Separate demonstrations were held on the steps of the state Capitol on Wednesday with abortion-rights groups celebrating the 30th anniversary of legal abortion and anti-abortion groups mourning it.
Combined, about 100 people weathered bitter cold and Taku winds for an afternoon anti-abortion rally and an evening abortion-rights rally.
Former Democratic Lt. Gov. Fran Ulmer called the Roe v. Wade Supreme Court decision in 1973 "an important underpinning of the progress of women in America."
"We are celebrating the fact that we live in a country with a Constitution that protects individual freedoms," Ulmer said. "We're here celebrating that we live in a country with a Supreme Court that will protect individual rights even in the face of intimidation from those whose beliefs challenge those rights."
Republican Lt. Gov. Loren Leman, addressing anti-abortion supporters, said the number of women getting abortions in the United States is down and sent a message of hope that Roe v. Wade would be overturned someday.
"Although still far too many, the year 2000, the last year where we have these statistics available, saw the fewest number of abortions performed since 1974. We can thank the efforts of people like you," Leman said. "On the political side we should be thankful for a president that supports life. We can also be thankful for Alaska's new governor, who supports life."
Gov. Frank Murkowski made a brief appearance at the afternoon rally, thanking anti-abortion proponents for working to protect the lives of the unborn.
"I really appreciate you being out here today protecting the lives of our greatest resource - our children," Murkowski said.
Democratic state lawmakers attended the evening rally in support of abortion rights, and Republicans turned out for the noon anti-abortion rally.
Democratic Sens. Georgianna Lincoln, Johnny Ellis, Bettye Davis and Reps. David Guttenberg, Beth Kerttula, Les Gara and Sharon Cissna attended the abortion-rights rally.
At the anti-abortion rally were Sens. Robin Taylor, Lyda Green, Fred Dyson and Reps. Nancy Dahlstrom, Bill Stoltze, Kevin Meyer, Tom Anderson, Ralph Seekins and Bob Lynn.
Lynn, a freshman lawmaker from Anchorage, said he plans this session to form an anti-abortion caucus to advance the anti-abortion agenda. He noted that 77 percent of the candidates endorsed by the anti-abortion organization Alaska Right to Life were elected to office in the November election.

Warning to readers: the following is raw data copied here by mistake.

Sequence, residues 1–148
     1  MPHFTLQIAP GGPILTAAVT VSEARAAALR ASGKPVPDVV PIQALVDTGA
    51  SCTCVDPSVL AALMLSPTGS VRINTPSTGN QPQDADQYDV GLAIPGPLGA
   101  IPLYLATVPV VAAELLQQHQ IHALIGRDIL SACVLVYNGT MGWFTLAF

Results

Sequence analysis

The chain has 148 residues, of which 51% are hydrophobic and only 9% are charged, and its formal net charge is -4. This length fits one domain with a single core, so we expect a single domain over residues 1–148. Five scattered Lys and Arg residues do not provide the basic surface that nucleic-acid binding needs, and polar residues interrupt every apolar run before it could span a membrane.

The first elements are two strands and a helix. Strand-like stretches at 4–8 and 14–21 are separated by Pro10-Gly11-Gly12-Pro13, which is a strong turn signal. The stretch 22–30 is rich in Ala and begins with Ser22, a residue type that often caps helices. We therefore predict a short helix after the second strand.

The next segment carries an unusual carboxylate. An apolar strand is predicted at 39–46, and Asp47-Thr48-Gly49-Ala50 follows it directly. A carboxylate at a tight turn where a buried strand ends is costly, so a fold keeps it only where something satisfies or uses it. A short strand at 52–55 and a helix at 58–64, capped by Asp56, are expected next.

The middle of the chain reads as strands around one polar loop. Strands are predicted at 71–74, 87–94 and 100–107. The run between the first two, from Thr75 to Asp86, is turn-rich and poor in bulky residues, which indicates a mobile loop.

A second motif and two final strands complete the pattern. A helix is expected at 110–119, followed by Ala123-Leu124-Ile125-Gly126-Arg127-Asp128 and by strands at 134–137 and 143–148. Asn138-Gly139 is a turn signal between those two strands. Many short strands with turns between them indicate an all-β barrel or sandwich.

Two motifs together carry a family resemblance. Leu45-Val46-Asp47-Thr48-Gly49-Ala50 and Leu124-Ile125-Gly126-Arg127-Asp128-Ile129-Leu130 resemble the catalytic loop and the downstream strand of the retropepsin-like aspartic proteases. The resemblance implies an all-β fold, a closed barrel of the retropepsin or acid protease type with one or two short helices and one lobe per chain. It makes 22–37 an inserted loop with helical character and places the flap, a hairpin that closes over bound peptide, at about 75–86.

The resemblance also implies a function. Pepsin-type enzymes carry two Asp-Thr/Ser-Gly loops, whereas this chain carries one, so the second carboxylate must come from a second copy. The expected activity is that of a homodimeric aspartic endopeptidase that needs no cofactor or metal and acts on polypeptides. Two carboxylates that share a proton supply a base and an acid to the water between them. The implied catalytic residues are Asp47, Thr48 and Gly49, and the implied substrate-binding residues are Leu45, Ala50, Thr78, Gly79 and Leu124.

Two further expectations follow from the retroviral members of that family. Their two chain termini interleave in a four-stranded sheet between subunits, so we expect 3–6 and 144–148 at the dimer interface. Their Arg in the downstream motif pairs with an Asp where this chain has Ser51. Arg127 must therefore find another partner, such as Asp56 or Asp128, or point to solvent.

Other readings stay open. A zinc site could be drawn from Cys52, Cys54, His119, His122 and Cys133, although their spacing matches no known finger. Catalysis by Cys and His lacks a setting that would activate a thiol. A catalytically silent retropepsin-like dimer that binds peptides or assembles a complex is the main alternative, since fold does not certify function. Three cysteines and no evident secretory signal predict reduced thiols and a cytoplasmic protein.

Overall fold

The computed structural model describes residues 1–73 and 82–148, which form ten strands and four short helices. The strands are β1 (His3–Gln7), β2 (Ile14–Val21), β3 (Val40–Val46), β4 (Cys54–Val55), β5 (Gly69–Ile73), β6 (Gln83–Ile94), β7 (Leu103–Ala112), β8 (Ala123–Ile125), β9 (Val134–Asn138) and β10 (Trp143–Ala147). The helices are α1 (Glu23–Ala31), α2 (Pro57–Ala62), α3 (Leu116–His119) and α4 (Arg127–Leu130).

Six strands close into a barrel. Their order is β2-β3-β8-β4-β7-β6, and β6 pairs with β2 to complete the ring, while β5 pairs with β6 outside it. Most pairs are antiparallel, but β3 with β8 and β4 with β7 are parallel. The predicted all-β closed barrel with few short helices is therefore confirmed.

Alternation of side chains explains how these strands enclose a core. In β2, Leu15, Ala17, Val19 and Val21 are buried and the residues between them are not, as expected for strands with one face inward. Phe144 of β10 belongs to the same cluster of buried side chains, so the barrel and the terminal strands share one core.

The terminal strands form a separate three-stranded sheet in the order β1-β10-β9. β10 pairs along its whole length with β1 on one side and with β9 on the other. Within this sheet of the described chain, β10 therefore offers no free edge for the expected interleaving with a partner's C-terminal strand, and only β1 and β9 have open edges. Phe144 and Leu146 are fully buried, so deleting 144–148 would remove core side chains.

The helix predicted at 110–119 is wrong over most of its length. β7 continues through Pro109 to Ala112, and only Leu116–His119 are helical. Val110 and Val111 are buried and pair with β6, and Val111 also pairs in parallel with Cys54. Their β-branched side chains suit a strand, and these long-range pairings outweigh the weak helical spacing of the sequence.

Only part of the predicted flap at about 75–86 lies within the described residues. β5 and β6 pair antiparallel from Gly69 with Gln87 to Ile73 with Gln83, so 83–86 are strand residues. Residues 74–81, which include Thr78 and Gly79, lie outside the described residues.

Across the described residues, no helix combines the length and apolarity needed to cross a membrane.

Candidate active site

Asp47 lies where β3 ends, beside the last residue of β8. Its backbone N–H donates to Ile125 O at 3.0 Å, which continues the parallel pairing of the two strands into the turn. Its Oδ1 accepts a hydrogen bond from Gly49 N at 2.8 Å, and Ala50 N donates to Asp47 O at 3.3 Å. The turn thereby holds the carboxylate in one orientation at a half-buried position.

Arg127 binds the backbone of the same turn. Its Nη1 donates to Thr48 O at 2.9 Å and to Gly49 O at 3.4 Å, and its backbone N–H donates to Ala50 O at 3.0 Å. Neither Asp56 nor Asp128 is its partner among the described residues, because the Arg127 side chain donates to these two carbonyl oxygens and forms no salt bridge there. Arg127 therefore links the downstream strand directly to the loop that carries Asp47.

Juneau Democratic Rep. Kerttula said that when she was in high school and college she thought the battle over abortion would be over by now.
"I really thought people would get it, that this is something that is each individual's right ... that it's not about the Legislature and it's not about the courts," Kerttula said.
Kerttula received the Juneau Pro-Choice Coalition's Annual Voice for Choice Award on Tuesday night for defending a woman's right to get an abortion.
Kerttula said bills such as those mandating parental consent and informed consent are an attempt to limit or prevent access to safe and legal abortions.
Sen. Fred Dyson, an Eagle River Republican, already has filed legislation this session that would require abortion clinics to provide women with information explaining the medical risks and providing alternatives to abortion.
"It doesn't make sense to me, and it's not as if all of that information is not available, and women know it," Kerttula said, noting the Legislature should not interfere with the relationship between doctor and patient.
Dyson's is not the first bill proposed by the Legislature to attempt to limit access to abortions. Last session a bill introduced out of the Senate Rules Committee would have prevented state-funded "medically necessary" abortions.
Lawmakers argued that women were being granted state-funded abortions although the mother's life was not in danger. The measure was passed by the Legislature but vetoed by Democratic Gov. Tony Knowles.
Timothy Inklebarger can be reached at firstname.lastname@example.org.